This letter is highly creditable to the training of those girls. The habits of industry to which the younger inmates of this workhouse are brought up, and the useful education they receive, are sure to make them good members of society, and it is to be regretted that a greater number of them have not been sent to the colonies.”
It is regrettable that the writer of the letter cannot be ascertained. It is noted in official records from the Lady Kennaway that the mother of three Mayo girls was still living, but this information was not recorded in all instances so it cannot be said with certainty that the letter was written by one of those three girls. Nevertheless, the letter provides a view into the experiences of one of the Mayo orphan girls.
The Australian newspapers initially reported the arrival of the Irish orphan girls in positive terms at the prospect of the supply of new labour to the colony. However, the early demand and enthusiasm for the employment Irish orphan girls unfortunately did not last very long.
On 19 May 1849 the Geelong Advertiser complained of the lack of qualifications as house servants of the Lady Kennaway girls, with the declaration that “the good housewives of Melbourne” were looking for servants with “…a docile disposition, with a hearty willingness to obey orders, and simply perform their duties in such a manner as shall be pointed out to them”. The implication of course is that the Lady Kennaway girls possessed none of these traits. The article also referred to the high cost of wages for domestic servants, with the demand for servants pushing up wages, even for these “mere slips of girls, who appeared to have had but slight practice in household work, before their arrival in this colony”.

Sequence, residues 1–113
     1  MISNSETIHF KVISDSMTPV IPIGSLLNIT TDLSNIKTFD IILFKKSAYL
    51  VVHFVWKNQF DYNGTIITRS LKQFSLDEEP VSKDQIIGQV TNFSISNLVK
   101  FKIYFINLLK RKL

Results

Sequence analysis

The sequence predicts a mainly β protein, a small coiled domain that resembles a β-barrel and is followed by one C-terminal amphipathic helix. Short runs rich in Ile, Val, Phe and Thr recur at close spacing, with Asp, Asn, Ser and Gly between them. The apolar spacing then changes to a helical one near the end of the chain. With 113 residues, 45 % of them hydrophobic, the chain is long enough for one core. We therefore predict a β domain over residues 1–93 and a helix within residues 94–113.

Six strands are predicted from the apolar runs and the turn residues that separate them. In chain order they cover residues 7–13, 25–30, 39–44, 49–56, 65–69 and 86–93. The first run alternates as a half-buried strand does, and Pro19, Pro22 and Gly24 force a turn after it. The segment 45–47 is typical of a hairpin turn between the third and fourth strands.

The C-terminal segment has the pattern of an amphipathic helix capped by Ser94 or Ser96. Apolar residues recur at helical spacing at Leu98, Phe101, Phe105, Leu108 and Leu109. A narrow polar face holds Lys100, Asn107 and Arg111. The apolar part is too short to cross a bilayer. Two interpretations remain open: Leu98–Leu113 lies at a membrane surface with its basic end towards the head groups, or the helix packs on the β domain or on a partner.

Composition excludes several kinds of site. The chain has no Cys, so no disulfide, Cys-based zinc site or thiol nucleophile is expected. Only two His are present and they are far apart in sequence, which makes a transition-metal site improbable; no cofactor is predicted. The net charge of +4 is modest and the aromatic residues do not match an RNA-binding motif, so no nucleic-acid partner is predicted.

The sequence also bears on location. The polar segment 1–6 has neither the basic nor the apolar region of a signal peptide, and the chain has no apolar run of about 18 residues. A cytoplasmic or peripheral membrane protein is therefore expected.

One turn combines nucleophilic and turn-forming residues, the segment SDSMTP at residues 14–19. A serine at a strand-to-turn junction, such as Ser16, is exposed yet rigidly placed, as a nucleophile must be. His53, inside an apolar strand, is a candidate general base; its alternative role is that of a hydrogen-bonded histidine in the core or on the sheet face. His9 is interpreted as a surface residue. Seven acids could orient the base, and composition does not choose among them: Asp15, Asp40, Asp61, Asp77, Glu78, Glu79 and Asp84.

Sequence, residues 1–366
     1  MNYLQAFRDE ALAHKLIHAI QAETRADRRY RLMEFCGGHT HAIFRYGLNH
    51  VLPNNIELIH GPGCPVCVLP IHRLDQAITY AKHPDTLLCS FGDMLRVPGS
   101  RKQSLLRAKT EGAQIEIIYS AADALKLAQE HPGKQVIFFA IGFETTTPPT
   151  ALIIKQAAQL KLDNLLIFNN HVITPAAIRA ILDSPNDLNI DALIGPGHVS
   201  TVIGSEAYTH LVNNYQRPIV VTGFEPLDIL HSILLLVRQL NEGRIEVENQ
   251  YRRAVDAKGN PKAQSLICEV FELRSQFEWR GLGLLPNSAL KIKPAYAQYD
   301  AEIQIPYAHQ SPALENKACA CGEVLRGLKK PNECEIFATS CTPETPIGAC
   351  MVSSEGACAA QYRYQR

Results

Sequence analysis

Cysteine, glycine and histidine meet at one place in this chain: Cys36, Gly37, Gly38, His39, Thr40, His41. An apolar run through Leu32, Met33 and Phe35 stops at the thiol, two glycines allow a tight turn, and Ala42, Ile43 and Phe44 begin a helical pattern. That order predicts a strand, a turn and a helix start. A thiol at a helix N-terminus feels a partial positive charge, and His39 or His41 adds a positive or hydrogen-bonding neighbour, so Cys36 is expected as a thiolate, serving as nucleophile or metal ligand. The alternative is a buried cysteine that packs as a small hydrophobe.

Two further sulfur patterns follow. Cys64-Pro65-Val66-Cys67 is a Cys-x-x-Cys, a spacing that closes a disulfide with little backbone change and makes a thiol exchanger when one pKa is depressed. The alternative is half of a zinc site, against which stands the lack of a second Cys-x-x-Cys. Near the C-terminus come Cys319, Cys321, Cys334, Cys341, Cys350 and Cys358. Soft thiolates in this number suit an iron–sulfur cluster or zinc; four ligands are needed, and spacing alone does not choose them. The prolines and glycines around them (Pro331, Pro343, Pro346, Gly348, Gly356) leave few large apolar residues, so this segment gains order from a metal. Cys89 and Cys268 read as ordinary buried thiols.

Employers also faced the problem of the girls leaving their employment to get married; of course one of the intentions of the Scheme was to even the gender imbalance in the colony. The Argus on 22 June 1849 complained of one of the Lady Kennaway girls “being initiated in her duties, and when she was useful, she was going to leave a comfortable place under the plea of getting married”. One of the main complaints it seems was that the girls were being “seduced in the most abominable ways to leave respectable situations”, with one girl described as possessing “silks and satins fit for a countess, although he knew she had no money”. This was ascribed to her connection with “a Van Dieman’s Land expiree [an ex-convict], it seemed, [who] had been making presents to her under pretext of marrying her”.
Mary Ann Davis
Bridget (Biddy) Duffy
Bessey (Bessy) Forbes
Winifred Nelis [Nealis]
© Barbara Barclay (2015)